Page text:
Finance expert Herring on BrightView’s first stumble

Greg Herring headshot
Greg Herring

In previous articles, I have expressed admiration for BrightView’s ability to grow its operating profit margin quarter after quarter, on a trailing 12-month basis.

In the 12 months ended Dec. 31, 2018, BrightView had its first stumble. Two events outside its control contributed to the decline in its operating profit margin. First, hurricane cleanup services provided $17.5 million less revenue in the quarter ended Dec. 31, 2018, as compared with the quarter ended Dec. 31, 2017. Second, snow revenue decreased from $53.6 million to $48.0 million in the quarters ended Dec. 31, 2017 and 2018, respectively. According to BrightView, hurricane cleanup services and snow services typically produce higher than average profit margins.

Despite acquisitions of other companies, BrightView’s landscape maintenance revenue also decreased from $353.1 million to $344.6 million due to its program to eliminate low-margin contracts. This reduction likely caused an increase in the profit margin, which was more than offset by the reduction in the margin from the two weather-related situations discussed above.

As a CFO, I assemble and review rolling 12-month income statements in highly seasonal industries like the landscape industry. I have simplified BrightView’s income statement in the table below, which shows the trailing 12-month income statements for the last eight quarters. In other words, each column represents 12 months or four quarters.

Note that BrightView incurred expenses associated with acquiring and integrating businesses, becoming a public company and paying some employees partially through equity-based compensation. Because most landscape businesses do not incur these expenses, I have reduced selling, general and administrative expenses by these amounts.

Year Ended
Year Ended
Year Ended
Year Ended
Year Ended
Year Ended
Year Ended
Year Ended
Net service revenues $2,160.2 $2,203.8 $2,225.9 $2,264.7 $2,336.0 $2,338.8 $2,353.6 $2,328.5
     Year over year growth rate 8.1% 6.1% 5.7% 2.8%
Cost of services 1,569.9 1,610.8 1,629.8 1,668.4 1,716.5 1,720.1 1,727.4 1,713.0
Gross profit 590.3 593.0 596.1 596.3 619.5 618.7 626.2 615.5
      Gross profit margin 27.33% 26.91% 26.78% 26.33% 26.52% 26.45% 26.61% 26.43%
Selling, general and administrative expenses 455.2 447.3 435.5 431.6 446.2 461.3 481.1 471.4
Adjustments (29.0) (28.4) (26.5) (38.8) (45.6) (63.2) (78.2) (67.3)
Ongoing selling, general and administrative expenses 426.2 418.9 409.0 392.8 400.6 398.1 402.9 404.1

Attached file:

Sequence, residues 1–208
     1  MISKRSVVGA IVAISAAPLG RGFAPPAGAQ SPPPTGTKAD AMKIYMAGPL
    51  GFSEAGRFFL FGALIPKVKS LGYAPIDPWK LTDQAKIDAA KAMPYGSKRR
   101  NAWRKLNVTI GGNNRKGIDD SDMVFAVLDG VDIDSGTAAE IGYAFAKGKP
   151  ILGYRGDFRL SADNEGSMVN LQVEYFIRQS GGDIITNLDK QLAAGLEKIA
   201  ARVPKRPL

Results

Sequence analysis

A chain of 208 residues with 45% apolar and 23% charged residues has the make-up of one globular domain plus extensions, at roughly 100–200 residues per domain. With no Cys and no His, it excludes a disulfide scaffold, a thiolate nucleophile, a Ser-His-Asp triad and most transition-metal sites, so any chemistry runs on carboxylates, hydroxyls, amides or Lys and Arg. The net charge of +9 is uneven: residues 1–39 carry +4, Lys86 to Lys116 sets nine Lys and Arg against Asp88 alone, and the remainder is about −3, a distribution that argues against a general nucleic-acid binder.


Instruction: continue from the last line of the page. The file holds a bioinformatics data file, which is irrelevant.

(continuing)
Adjusted operating income $164.1 $174.1 $187.1 $203.5 $218.9 $220.6 $223.3 $211.4
      Operating profit margin 7.60% 7.90% 8.41% 8.99% 9.37% 9.43% 9.49% 9.08%

To view this chart as an image, click here.

What does this stumble mean?

In the short run, it meant a lower stock price. The stock fell from $14.74 to $12.75 in the two days after it released its earnings – a much greater decline than the rest of the stock market.

Longer term, BrightView must display an ability to grow its revenue and operating profit. Why?

Growing revenue and operating profit generally cause the demand for a stock to grow. BrightView needs greater demand for its stock so it can sell more shares to the public and repay some of its $1.2 billion in bank debt or provide an exit for some of its private equity investors (who own 69 percent of the stock) or both.

Why should an owner of a landscape business care about this information?

That’s a great question.

As you compete with BrightView, you might want to ask your prospective customers if they would rather deal with people that must answer to big banks and private equity investors or deal with people that must answer to you. From a customer’s perspective, bigger is not always better.

Herring has served as a CFO of both public and private companies. He is the CEO of The Herring Group, an operational and strategic finance consultancy. He has significant experience in the landscape industry, where he serves business owners challenged by growth by installing financial dashboards and systems that provide more margin for their businesses and their lives. Reach him at greg.herring@herring-group.com.


Greg Herring

Greg Herring

Greg Herring has served as a CFO of both public and private companies. Herring is the founder and CEO of The Herring Group, financial leaders in the landscape industry on a mission to improve the profit margin of companies and the life margin of owners by using its proprietary process, the Path to 12 percent.  Read his blog at herring-group.com or get in touch at greg.herring@herring-group.com.  

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